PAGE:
Pearson is holding “interesting conversations with potential partners” about its newly launched Project Literacy campaign, with the first actions to come out of the scheme set to be announced in the New Year.
The publisher—which produces early years material such as phonics reading programme Bug Club— has said the five-year project is an ongoing attempt “to build a more literate world in which every individual is empowered to succeed, progress and flourish”.
As part of an initial conversation, people have been invited to share the initiatives they admire, and indicate where there is more work to do, via an online infographic which is being hosted at www.projectliteracy.com.
Natalie Whitty, Pearson’s senior vice-president for public affairs and core markets, said the publisher was “really pleased” with engagement on Twitter (via the hashtag #projectliteracy) and with the infographic in the weeks since the project’s September launch.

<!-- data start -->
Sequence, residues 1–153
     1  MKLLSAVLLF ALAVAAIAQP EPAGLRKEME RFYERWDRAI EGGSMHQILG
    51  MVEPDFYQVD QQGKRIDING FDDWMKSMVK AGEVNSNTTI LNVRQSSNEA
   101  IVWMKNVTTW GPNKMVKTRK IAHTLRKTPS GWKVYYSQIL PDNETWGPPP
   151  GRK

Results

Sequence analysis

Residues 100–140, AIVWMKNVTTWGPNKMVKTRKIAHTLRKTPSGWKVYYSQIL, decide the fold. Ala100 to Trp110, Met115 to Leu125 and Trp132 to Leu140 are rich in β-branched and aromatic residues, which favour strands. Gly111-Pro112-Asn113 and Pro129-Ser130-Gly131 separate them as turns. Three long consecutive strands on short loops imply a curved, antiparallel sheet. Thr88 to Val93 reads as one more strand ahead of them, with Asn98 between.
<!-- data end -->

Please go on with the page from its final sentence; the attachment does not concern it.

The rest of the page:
“The (hopefully interesting) thing is that we are not saying that Pearson has all the answers,” Whitty commented. “We really want to identify where Pearson’s own research can work to build a global response and collaboration. Some of the world’s biggest education challenges can only be solved collaboratively, and social media is a great opportunity to build a movement and understand who is engaged with the issue.”
The literacy “conversation” will also encompass technology, Whitty said. “On a basic level, 800 million people cannot read a single paragraph. In developing countries, people are struggling more with the skills you need to grasp employment opportunities and be successful. There is a complexity and an opportunity around technology—we want to unpick that and think about it in a more sophisticated way.”
Pearson will work with community organisations, government and other cormpanies to achieve its aim, Whitty added, saying it was “really open” to working with other education publishers, although not currently in active conversations with any.